Dogs: Unleashed!

I had a pretty unique experience at work this week regarding a new dog we evaluated for our daycare playgroup.

Murray is a 5 yr. old border collie. When we first received Murray’s application, I immediately noticed that his mom mentioned his “severe leash aggression.”  Because she is a vet with a ton of animal experience, I knew that this lady meant what she wrote.  Sometimes owners will put a similar phrase, but we soon realize the dog is more of a barker/lunger/showoff.  But Murray?  Oh no, he’s the real deal.

I had a foster dog (pictures below) that really challenged me when it came to her leash reactivity.  Whenever we were within 20 feet of another dog, she would plant herself firmly in place (all 40 lbs. of muscle), waiting for the dog to get closer.  No matter how much I tried to get her to “watch me” or pull her the other way, she would not budge.  This girl was absolutely FIXATED on the other dog, and as soon as that dog invaded her personal bubble of 10 feet, she became a screaming banshee. It was horrifying to say the least. Nowadays, her adoptive parents (and our good friends) do a lot of crossing the street and dangling string cheese in her face.  Gotta love that little gremlin. 


A perfect angel, duh.

When Murray arrived for his evaluation, he seemed friendly enough.  He had to wait up front for just a few minutes while his mom finished up some paperwork.  Shortly after, one of our regulars showed up for playgroup.  You guys.  When Murray saw that there was another dog in the room with him, he became completely enraged.  He started wailing, growling, and snapping at the air.  No matter what his mom did, she could not calm him down. At one point, he referred his anger to his leash, biting and chewing in frustration.  While the display probably only lasted 20-30 seconds, it felt like an eternity.  

Understandably, my manager was nervous about even trying him in daycare and explained her concerns to the owner.  His mom was so embarrassed, swearing that it was only because of his leash.  Because of the owner’s background in animal care and behavior, my manager agreed to try him out.  And guess what?  The dude was amazing.

As soon as Murray got off of his leash and into our “safety” gated area, he immediately calmed down.  We start off the evaluation behind a howdy gate to see if the dog has fence aggression.  Surprisingly, he was totally fine.  He seemed interested and calm inside the gated area.  This alone is very rare when it comes to barrier aggression, but I was so pleased to see him settle down so easily.  Slowly, we introduced him to our super awesome social pups (the mellow, submissive ones are always our “testers.”).  One by one, he play-bowed and sniffed every single member of our pack, even our bossy briard.  Within 45 minutes, he was fully integrated and flourishing.  It was pretty damn eye-opening.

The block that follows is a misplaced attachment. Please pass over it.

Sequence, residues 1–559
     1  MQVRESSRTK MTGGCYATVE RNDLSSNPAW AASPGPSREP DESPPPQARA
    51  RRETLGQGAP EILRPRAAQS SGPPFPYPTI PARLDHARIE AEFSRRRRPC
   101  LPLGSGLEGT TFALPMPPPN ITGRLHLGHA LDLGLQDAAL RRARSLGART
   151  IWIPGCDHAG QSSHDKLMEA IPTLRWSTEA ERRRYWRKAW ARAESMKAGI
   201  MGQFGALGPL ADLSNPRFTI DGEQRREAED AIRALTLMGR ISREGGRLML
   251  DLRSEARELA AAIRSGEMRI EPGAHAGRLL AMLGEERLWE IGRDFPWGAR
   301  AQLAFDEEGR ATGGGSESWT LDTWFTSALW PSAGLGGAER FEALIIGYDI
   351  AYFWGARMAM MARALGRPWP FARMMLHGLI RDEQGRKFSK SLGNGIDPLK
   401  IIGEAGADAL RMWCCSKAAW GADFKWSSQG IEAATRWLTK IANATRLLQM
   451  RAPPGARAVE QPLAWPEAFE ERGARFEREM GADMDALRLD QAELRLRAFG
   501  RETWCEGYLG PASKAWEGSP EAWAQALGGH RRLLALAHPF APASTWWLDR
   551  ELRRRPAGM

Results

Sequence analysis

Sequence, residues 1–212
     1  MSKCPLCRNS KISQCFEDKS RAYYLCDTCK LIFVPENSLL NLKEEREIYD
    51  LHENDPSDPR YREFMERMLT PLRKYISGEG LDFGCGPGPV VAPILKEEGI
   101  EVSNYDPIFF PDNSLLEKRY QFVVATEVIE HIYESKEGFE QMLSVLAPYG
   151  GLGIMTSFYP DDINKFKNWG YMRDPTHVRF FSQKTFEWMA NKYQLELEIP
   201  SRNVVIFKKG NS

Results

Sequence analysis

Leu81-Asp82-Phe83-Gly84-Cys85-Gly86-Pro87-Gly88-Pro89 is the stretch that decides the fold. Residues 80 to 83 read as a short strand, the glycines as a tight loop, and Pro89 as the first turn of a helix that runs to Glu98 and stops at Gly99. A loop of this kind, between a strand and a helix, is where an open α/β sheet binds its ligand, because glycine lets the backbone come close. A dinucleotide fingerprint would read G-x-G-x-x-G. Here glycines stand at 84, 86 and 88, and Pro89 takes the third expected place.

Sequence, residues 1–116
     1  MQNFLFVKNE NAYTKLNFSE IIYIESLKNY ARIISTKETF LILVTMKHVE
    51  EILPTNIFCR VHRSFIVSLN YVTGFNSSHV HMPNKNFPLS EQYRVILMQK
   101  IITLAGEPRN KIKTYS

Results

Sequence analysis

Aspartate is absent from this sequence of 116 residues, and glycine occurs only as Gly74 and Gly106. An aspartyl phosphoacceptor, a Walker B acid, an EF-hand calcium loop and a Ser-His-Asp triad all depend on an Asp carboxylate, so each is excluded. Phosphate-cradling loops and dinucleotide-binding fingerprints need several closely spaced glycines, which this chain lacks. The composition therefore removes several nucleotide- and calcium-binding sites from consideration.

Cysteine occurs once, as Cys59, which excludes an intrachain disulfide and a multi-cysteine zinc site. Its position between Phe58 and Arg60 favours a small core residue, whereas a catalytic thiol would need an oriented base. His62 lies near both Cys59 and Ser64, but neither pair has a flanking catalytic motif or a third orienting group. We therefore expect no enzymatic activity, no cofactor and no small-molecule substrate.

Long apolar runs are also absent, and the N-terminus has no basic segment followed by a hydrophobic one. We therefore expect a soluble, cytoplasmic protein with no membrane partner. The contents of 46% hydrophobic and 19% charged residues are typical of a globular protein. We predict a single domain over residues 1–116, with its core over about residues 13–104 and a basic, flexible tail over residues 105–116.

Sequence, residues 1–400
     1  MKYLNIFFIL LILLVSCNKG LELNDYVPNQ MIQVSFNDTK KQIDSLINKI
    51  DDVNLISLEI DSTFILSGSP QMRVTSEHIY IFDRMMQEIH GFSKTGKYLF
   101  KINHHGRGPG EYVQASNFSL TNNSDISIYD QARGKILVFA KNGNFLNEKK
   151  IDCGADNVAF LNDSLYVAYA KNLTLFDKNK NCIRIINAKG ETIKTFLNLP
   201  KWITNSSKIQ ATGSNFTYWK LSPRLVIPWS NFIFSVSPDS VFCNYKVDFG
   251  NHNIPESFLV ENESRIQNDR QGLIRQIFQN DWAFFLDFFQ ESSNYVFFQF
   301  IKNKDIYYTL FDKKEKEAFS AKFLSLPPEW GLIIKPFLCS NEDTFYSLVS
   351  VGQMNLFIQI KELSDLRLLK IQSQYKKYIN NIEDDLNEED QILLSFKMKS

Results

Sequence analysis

Because I have a dog who often becomes leash reactive in tense situations, I am totally aware that leash reactivity does NOT equal dog aggression.  However, this situation made me realize just how true that is.  I mean…if I had seen that dog on the street, I would have been convinced that he wanted to rip my dog’s head off.  In fact, poor Murray may feel that way in those situations.  But off-leash and in control of his situation?  He is such a wonderful addition to our crew.

I guess the bottom line is this: if you have a dog that exhibits any frustration or “aggression” during your daily walks or quick greetings on-leash, make sure you take the time to assess the situation and what it really means.  Of course you should always go slow and be responsible when introducing two strange dogs to each other (here’s a great article on how to do just that), but do your homework and see if your dog may enjoy the company and socialization that comes with small play dates, pack walks or daycare. It makes me sad to think of the dogs out there who are labeled “aggressive” simply because of one or two moments of panic at the end of a leash.  You know what I’m saying?  I bet you do, my fellow dog people.


Still leashed, but happy and calm after a proper introduction to her dog friends. Also, how much do you love my dog? Photobomber extraordinaire.

Does your dog have leash reactivity?  If so, how do you deal with it and do they like the company of other dogs in other situations? 

Sidenote: sorry for the lack of border collie photos – it really wasn’t the time or place to start snapping pictures, but trust me when I say that he is one handsome dude and has that typical, mischievous border collie smile. 


18 thoughts on “Dogs: Unleashed!

  1. Whoa, thanks for sharing this! One of mine is borderline leash reactive and I’m mortified when she does it bc she is a pit bull and people always assume the worst, even though is the best dog even as soon as she is off the leash. Thanks for sharing and Rufus’ photobomb is the best!

    • I know, it’s so frustrating when you feel extra pressure due to your dog’s size/breed. I have a neighbor who has an extremely leash reactive tiny terrier, but they just laugh it off simply because he’s small enough to manage. So frustrating.

  2. Very much appreciated this post; great insight and observation. Pyrrha may fit into this border collie’s category, though thankfully her reactivity is not as extreme. She is very friendly and playful and submissive off leash… but on leash, she looks like she wants to straight up eat other dogs. Something we are actively working on, but this is a great reminder.